Sandhoff disease is a rare, inherited lipid storage disorder that progressively destroys nerve cells in the brain and spinal cord.
It is caused by a deficiency of the enzyme beta-hexosaminidase, which results in the harmful accumulation of certain fats (lipids) in the brain and other organs of the body. Sandhoff disease is a severe form of Tay-Sachs disease, the incidence of which had been particularly high in people of Eastern European and Ashkenazi Jewish descent, but Sandhoff disease is not limited to any ethnic group.
Each parent must carry the defective gene and pass it on to the child. Individuals who carry only one copy of the mutated gene typically do not show signs and symptoms of the disorder. Onset of the disorder usually occurs at 6 months of age.
Symptoms may include:
- progressive nervous system deterioration,
- problems initiating and controlling muscles and movement,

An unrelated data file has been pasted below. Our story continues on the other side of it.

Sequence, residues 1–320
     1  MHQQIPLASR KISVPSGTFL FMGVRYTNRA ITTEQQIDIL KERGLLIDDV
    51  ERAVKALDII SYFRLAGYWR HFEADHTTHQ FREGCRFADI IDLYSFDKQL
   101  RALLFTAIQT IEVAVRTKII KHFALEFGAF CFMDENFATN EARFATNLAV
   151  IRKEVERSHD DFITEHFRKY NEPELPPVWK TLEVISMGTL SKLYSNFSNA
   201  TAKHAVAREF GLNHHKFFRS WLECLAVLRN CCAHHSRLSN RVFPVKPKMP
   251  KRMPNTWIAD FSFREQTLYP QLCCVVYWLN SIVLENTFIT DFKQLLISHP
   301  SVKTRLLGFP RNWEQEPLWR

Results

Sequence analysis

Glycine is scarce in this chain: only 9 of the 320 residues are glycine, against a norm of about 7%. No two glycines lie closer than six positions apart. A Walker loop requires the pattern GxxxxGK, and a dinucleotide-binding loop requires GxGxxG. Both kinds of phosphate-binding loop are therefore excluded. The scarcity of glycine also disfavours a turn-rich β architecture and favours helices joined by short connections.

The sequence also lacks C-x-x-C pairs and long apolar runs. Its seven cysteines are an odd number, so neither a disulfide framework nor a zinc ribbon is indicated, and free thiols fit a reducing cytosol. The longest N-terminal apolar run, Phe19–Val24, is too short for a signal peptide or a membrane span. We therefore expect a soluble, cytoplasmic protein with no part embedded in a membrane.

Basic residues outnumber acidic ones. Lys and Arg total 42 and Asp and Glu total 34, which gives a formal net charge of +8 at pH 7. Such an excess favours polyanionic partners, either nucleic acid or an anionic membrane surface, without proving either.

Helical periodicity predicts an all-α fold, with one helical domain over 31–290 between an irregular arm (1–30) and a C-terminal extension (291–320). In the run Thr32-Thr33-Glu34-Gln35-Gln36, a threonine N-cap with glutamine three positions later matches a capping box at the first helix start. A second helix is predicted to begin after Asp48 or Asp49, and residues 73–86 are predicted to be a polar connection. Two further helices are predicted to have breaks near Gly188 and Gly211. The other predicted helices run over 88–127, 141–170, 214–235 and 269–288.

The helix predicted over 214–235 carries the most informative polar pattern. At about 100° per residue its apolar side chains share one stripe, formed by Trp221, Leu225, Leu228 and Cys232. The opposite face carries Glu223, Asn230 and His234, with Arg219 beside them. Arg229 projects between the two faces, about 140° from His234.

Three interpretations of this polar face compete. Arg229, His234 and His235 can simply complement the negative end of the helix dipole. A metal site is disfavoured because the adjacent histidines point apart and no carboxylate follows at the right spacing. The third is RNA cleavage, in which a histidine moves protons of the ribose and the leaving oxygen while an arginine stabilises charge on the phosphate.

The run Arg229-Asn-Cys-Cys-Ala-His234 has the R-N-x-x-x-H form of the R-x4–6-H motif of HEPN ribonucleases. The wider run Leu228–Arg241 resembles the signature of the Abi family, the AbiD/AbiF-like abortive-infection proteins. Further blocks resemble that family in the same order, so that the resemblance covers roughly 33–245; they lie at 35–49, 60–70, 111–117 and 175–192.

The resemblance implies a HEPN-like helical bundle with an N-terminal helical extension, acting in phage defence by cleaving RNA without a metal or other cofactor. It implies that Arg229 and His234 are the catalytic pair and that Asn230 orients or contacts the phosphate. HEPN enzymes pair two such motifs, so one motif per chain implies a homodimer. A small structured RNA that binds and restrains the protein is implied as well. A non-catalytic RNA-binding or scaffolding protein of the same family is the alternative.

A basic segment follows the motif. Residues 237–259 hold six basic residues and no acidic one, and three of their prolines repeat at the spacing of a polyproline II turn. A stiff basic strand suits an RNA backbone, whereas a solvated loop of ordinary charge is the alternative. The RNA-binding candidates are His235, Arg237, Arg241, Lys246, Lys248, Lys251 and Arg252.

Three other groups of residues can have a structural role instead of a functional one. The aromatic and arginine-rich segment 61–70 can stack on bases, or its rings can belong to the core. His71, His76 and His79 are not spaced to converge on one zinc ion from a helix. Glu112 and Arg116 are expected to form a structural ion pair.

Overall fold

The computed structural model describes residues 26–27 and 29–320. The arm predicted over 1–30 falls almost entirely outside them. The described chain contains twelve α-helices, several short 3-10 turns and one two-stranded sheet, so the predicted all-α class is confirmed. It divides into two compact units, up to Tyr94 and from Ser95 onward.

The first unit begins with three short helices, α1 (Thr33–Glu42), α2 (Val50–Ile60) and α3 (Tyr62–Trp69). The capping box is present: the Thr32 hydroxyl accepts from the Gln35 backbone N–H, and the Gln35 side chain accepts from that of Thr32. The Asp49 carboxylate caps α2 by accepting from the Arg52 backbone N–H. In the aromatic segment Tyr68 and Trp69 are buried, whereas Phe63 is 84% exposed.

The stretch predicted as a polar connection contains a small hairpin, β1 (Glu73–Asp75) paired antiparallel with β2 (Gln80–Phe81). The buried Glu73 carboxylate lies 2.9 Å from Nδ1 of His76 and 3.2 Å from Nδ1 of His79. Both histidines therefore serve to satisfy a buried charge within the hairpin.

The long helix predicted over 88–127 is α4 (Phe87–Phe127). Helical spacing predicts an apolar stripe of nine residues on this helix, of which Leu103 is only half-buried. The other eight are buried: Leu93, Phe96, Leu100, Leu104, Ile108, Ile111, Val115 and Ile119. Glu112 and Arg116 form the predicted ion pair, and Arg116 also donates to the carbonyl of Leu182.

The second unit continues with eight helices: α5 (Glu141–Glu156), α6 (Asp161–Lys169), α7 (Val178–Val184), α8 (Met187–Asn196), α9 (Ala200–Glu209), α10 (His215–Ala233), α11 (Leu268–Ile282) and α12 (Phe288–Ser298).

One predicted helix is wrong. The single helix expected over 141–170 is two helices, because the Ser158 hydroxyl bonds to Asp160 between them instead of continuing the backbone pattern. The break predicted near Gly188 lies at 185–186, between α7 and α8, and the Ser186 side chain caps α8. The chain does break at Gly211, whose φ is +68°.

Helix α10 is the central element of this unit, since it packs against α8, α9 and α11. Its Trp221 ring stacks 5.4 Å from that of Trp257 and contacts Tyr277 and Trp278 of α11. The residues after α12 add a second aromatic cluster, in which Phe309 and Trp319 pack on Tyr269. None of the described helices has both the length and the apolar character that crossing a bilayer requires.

- increased startle reaction to sound,
- early blindness,
- spasticity (non-voluntary and awkward movement),
- myoclonus (shock-like contractions of a muscle,
- macrocephaly (an abnormally enlarged head),
- cherry-red spots in the eyes,
- frequent respiratory infections,
- doll-like facial appearance, and
- enlarged liver and spleen.
The prognosis for individuals with Sandhoff disease is poor. Death usually occurs by age 3 and is generally caused by respiratory infections.
There is no specific treatment for Sandhoff disease. Supportive treatment includes proper nutrition and hydration and keeping the airway open. Anticonvulsants may initially control seizures.